I think there is some plausibility to this claim, or to a more carefully stated and considered version of it. A life utterly without challenge, a life of indulgence, a life that never plumbs deeper than the purchase of the next material ‘must have’ – this would be a life lacking vitality, meaning, and purpose. In other words, the lives of the most advantaged members of the leisure classes are not examples of human flourishing ( a far more Aristotelian term than ‘happiness’). But this is not what Murray is on about. No, he is arguing that guaranteed access to basic health care, affordable child care, and some degree of material security prevents us – as citizens of a nation - from flourishing.

One might find this a bracing, Spartan-like – perhaps, early Stoic – vision of the good life: hard, demanding, and rewarding to those who fight the good fight. Really, very John Wayne western film style. And that’s fine if that is the life one chooses for oneself. But Murray is not recommending this as a self-selected lifestyle; rather, he is urging ‘the elites’ (his phrase) to impose this life on everyone.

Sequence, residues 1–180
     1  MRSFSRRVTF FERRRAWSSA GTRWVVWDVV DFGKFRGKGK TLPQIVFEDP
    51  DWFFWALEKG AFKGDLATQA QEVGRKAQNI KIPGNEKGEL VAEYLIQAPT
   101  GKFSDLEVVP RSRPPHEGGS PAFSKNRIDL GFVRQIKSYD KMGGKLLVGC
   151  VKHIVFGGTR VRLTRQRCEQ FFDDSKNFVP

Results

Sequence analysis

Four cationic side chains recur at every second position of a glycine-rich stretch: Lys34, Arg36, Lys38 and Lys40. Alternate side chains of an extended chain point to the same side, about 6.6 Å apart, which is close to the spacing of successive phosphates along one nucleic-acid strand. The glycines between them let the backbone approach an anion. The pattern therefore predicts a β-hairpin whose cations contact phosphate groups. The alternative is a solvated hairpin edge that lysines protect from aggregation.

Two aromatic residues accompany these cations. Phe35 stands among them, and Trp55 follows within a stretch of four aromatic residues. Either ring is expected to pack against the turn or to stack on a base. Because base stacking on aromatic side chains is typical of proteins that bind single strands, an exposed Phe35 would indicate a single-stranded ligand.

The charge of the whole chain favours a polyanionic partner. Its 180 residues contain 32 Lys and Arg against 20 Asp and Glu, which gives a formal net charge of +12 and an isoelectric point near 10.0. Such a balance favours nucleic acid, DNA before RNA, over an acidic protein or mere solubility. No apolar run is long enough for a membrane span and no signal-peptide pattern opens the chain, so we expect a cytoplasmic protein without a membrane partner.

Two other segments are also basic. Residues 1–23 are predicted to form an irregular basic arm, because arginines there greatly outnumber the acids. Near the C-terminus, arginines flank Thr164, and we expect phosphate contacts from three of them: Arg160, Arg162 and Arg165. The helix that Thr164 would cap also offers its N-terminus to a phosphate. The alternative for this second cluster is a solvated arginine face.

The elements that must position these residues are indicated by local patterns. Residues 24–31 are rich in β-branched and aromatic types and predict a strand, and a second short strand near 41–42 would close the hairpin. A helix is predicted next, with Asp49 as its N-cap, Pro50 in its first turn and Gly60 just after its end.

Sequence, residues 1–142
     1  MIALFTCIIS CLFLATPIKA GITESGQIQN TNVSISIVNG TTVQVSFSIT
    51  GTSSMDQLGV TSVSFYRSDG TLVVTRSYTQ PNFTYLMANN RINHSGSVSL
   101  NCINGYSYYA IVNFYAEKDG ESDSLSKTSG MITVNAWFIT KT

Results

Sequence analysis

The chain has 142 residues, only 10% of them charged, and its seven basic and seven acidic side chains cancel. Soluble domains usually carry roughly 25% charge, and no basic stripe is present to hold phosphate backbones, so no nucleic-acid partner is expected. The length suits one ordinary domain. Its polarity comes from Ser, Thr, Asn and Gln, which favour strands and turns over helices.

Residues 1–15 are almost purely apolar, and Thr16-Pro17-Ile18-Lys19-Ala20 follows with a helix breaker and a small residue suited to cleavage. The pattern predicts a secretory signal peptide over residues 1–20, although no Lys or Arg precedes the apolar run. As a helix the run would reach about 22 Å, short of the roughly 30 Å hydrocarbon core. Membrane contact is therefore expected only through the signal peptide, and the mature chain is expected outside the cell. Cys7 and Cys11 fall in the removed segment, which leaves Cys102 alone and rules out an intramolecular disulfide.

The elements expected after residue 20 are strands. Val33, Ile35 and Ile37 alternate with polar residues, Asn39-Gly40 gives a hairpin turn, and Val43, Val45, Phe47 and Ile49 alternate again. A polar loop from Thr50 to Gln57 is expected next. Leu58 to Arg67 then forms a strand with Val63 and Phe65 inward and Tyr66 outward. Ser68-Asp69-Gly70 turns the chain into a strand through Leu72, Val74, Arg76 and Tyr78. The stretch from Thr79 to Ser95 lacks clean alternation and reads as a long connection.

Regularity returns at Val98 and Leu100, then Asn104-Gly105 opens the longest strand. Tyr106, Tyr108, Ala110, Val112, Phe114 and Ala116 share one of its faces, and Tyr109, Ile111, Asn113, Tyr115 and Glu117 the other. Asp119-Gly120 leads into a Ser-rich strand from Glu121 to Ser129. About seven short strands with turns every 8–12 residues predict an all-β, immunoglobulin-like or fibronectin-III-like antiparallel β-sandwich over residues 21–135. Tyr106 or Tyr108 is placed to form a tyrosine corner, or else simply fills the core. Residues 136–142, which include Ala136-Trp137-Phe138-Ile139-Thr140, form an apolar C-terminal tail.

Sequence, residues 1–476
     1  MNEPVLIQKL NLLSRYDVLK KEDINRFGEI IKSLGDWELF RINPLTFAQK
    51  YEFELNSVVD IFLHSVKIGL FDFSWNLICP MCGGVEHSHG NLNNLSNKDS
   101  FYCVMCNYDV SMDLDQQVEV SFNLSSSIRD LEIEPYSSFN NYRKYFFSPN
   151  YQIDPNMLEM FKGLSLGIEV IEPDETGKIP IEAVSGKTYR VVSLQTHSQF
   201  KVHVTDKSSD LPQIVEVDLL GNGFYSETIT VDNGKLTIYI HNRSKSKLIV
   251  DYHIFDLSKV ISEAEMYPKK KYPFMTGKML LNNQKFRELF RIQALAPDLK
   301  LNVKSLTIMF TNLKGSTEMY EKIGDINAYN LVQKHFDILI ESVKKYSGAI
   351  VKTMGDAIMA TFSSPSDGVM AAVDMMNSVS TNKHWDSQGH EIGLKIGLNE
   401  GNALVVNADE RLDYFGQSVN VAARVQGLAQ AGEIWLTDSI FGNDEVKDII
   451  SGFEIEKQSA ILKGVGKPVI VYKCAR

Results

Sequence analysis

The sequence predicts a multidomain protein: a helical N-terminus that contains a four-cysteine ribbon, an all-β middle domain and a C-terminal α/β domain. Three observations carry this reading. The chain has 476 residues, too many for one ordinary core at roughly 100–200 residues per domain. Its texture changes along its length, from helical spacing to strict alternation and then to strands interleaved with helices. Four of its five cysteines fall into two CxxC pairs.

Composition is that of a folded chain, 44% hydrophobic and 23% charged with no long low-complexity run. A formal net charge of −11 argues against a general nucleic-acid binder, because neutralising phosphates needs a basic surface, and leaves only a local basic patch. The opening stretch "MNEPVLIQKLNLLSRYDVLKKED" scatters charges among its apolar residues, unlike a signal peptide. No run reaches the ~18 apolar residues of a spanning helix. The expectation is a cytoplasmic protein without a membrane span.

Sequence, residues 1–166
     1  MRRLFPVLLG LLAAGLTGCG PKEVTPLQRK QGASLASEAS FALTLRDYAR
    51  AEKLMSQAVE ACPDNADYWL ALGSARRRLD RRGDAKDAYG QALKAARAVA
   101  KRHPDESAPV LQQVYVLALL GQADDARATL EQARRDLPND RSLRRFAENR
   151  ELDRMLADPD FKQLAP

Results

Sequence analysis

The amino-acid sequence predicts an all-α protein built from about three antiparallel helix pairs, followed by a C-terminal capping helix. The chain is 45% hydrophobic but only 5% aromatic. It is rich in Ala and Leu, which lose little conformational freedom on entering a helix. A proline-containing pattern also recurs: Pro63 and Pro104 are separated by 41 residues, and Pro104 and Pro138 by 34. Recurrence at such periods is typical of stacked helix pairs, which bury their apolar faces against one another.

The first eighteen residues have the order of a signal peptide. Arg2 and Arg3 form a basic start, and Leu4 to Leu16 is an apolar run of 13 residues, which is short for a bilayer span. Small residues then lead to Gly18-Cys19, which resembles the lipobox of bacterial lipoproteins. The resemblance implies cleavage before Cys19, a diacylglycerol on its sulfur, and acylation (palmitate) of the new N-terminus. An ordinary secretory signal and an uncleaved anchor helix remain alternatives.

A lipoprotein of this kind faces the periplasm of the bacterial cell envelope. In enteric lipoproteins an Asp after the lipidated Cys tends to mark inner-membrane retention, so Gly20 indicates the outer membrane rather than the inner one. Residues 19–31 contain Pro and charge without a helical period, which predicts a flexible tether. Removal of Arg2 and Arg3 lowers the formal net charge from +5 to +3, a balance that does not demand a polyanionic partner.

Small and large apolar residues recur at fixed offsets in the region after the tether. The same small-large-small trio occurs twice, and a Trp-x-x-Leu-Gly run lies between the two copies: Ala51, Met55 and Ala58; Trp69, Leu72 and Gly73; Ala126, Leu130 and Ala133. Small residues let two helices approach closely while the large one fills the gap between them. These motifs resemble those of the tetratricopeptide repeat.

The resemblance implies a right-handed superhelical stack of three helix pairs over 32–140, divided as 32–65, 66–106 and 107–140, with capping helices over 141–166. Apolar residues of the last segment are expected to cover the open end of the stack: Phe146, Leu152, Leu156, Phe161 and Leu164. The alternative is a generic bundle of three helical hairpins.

More precisely, he wants it imposed on the poor and disadvantaged. He does not quite say that, of course, but it is the only reasonable inference. Taking away the social safety net will not impose a rough and tumble life on the already advantaged, after all; they do not need the net. It is only the disadvantaged and the close-to-being-disadvantaged who will enjoy the benefits of being cast into the stormy seas to swim or sink. Murray and his ilk will watch, no doubt with envy, from the safety of their privately owned yachts while the lucky masses thrill at the chance for true happiness, a chance the wistful wealthy will never have. We can imagine the pitying looks with which the struggling swimmers will look back at those safely on-board and the joy with which they will sink beneath the waves, knowing themselves to have found transcendent meaning in their lives and deaths. Perhaps, if they are very fortunate, they can watch their children drown before them.